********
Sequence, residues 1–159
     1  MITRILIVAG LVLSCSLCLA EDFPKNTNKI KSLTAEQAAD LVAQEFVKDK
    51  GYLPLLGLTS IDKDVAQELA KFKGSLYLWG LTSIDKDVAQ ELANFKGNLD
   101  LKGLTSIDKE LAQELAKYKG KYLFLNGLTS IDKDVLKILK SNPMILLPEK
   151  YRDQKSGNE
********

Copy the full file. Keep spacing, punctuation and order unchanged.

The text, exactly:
Sequence, residues 1–159
     1  MITRILIVAG LVLSCSLCLA EDFPKNTNKI KSLTAEQAAD LVAQEFVKDK
    51  GYLPLLGLTS IDKDVAQELA KFKGSLYLWG LTSIDKDVAQ ELANFKGNLD
   101  LKGLTSIDKE LAQELAKYKG KYLFLNGLTS IDKDVLKILK SNPMILLPEK
   151  YRDQKSGNE